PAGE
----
Motherhood, labor, family, struggle and survival: The untold stories of women breathing life into flower farms in Uganda

Women make up 60 to 75% of the labor force in the horticulture sector, taking up tasks like weeding, harvesting, packing and labeling flowers. These are the stories of four such women working on two flower farms in Uganda. Beyond their occupations, these stories are of their full, complex existences: their backgrounds, childhoods, strengths and limitations. These are profiles of their life journeys from being children themselves, to growing into adults who have children, keep their families together, contribute to theirs and their families’ economic survivals; as well as navigate the capitalist-patriarchy.

How we put this together

These stories were primarily collected by sound recordings and written notes from oral interviews conducted in the local, Luganda language and later transcribed into English. Some sentences have been shortened for purposes of accurate translation.

The interviews were conducted at the farm premises where these women work; in offices, compounds and even while walking through the green houses. Additional interviews were recorded inside the homes of three of the subjects.

What we observed:

In these stories, the overriding themes remain: motherhood, labor, family, struggle and survival. The subjects speak of the responsibility of child care that has been largely left to them, whether by absentee fathers, present but dormant ones, or partners who have passed on. For three of them, their first encounter with child birth and motherhood came unplanned, during school. The fathers of only two of these remained in their lives and those of their children.

For all, coming to work at these flower farms was out of necessity, not necessarily desire. A need to take care of themselves and their children led them to seek labor there, with the hope that something better will come up, or that they will eventually save enough to start their own businesses.

Work in the green houses is characterized by little pay, long hours and just half of or no protective gear. Both these farms have daycare centers on site which allow for the women laborers with children up to 2 years old to come to work with their kids and leave them in safe care as they go into the green houses to work.

It is mostly women who work in the farms as casual laborers; picking, weeding and harvesting. The few men working there are either in irrigation, welfare, or scouting, which is the more scientific task of checking flowers for pests and diseases.

Salaries range between UGX 90,000 (USD 24) for workers on probation, to UGX 300,000 (USD 81) per month. These are inclusive of lunch and before statutory cuts (Pay As You Earn-PAYE, National Social Security Fund, etc.) While the workers at one of the farms are transported to and from work, workers at the other one have to walk there. Women at both farms have representatives on the workers’ trade union committees, and have begun savings cooperatives to supplement their salaries. Efforts to request for salary increments are futile, and medical welfare is limited. At one of the farms, the women confided that when taken for treatment, some workers’ medical results are altered by medical practitioners in connivance with management, so that the farm authorities will avoid responsibility. Some of the medical issues that came up were: infected feet due to damaged gumboots, hand cuts from thorns, and back pain which is the most prominent considering the posture taken to do this work.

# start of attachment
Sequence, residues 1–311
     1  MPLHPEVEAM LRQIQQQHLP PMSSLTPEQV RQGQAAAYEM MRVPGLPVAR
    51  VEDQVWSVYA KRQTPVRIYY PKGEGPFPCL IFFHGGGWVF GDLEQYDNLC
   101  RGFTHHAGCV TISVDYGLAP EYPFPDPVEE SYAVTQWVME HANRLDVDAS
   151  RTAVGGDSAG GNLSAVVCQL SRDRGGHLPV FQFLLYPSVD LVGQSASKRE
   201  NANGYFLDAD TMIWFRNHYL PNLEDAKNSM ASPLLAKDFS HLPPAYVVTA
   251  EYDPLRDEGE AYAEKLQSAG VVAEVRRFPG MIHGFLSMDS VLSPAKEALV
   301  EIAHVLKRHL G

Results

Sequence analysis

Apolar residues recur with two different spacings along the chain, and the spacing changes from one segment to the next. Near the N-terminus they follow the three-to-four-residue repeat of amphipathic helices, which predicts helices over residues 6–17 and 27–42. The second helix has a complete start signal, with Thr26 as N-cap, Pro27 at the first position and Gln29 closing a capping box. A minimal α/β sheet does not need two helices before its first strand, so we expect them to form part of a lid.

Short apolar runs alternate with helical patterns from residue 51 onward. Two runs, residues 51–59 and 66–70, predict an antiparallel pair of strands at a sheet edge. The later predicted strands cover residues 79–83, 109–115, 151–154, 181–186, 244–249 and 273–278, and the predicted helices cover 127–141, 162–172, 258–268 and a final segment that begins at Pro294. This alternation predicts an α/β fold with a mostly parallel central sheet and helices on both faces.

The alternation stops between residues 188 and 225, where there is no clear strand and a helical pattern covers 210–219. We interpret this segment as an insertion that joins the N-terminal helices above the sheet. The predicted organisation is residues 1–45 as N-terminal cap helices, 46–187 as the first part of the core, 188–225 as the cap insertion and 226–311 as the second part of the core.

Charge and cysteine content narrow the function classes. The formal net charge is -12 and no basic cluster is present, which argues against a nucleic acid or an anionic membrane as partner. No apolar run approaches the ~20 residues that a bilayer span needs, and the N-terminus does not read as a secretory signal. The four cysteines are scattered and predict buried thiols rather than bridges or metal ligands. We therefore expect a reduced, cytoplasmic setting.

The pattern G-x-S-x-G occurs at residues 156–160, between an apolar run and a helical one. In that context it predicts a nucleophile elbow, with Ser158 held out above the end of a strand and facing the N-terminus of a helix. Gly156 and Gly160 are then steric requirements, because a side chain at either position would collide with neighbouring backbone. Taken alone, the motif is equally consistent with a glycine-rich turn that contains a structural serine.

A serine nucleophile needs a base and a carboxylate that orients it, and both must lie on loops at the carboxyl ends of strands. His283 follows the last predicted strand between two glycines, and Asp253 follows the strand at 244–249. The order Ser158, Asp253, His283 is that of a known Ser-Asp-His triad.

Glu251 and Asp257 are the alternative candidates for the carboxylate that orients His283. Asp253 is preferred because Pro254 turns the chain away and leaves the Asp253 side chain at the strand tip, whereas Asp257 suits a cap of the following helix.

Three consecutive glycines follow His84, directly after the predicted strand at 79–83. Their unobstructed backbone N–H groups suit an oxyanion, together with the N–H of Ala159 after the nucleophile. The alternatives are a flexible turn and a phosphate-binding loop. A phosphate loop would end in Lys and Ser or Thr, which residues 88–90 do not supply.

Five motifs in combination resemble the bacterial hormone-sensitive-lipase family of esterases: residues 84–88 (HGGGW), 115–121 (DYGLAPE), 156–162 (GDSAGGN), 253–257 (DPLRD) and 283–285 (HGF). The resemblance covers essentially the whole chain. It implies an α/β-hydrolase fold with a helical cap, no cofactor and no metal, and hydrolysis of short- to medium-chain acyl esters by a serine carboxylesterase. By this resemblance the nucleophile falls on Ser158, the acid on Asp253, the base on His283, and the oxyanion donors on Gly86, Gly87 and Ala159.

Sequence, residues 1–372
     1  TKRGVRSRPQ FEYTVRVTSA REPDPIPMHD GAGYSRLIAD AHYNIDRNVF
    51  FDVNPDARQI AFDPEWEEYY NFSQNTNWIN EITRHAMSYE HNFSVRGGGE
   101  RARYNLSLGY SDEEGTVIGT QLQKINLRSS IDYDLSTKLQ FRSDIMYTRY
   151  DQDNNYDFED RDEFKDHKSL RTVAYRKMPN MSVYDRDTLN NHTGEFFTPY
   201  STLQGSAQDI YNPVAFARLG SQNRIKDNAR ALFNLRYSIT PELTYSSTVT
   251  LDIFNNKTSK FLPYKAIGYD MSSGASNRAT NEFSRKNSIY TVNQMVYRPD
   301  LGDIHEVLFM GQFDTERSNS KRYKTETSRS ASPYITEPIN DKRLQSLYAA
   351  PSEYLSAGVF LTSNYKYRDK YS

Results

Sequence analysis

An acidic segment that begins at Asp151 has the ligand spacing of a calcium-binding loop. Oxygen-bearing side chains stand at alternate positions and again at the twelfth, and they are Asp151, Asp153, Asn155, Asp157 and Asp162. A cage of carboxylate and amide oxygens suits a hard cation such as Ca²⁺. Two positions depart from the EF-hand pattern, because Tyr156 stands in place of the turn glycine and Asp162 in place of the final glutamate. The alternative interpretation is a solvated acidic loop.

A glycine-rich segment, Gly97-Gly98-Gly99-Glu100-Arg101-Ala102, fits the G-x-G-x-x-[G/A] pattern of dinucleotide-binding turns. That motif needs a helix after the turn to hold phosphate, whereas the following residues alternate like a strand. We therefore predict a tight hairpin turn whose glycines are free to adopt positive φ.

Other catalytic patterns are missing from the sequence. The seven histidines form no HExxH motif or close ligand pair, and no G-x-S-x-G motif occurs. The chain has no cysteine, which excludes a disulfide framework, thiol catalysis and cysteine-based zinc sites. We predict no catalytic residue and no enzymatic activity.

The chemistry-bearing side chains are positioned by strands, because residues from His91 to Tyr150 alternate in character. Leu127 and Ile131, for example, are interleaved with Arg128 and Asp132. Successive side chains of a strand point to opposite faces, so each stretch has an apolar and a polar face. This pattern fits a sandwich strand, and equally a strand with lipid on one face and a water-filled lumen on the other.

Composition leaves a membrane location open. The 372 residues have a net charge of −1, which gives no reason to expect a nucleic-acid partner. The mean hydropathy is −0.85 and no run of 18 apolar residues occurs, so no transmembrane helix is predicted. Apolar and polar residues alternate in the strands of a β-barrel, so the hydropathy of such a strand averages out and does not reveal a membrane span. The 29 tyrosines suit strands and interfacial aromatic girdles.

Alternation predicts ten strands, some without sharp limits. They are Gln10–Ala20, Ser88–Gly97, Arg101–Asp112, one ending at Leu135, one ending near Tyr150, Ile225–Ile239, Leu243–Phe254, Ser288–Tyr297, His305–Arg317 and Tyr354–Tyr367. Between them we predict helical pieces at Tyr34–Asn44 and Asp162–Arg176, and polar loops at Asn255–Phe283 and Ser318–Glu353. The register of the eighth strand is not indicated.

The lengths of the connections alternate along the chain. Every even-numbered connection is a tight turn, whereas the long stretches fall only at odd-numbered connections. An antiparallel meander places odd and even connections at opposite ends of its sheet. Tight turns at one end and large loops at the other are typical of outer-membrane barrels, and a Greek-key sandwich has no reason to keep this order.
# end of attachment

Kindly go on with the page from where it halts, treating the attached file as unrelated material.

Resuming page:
Temperatures inside the green houses are high, something they say they got used to. There was a covered bucket of drinking water in each green house while the other farm had none.

The subjects appeared to be in higher spirits, seemingly glad when they were being listened to and humanized. They were happiest and most comfortable in their homes. Those whose children have outgrown the farm day cares often leave their kids with women neighbors to whom they pay a small fee, or buy foodstuffs for as compensation.

We invite you into the lives of Felista, Rita, Specioza and Namatovu below or download here!

FELISTA

Nine years later, Felista not only picks flowers at the farm, she is also on the workers union committee which the workers began to protect their interests. This position requires her to speak to the management committee members on behalf of her fellow workers. Some of the issues that arise include; medical, operational and remuneration complaints.

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RITA

Last year, Rita decided she wanted to supplement her husband’s salary, but most importantly make her own money. She came to the flower farm and applied for a job as a flower picker – she was hired. She is happy to be working, and is most grateful for the daycare on the farm where she and the other mothers’ babies of, right from day zero up to 2 years old are taken care of while they work.

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SPECIOZA

 Specioza wishes that men were better partners to women, especially in parenting. “Men have neglected their parental responsibilities, leaving the burden to women. Now it is us who have to take care of the kids and also work to sustain their lives, with no help at all.”

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NAMATOVU

 Namatovu is the popular socks vendor among her colleagues. At the end of her work day, outside the changing rooms, she turns into a trader – showcasing her product, conducting negotiations, and recommending what pair and color of socks one should buy.

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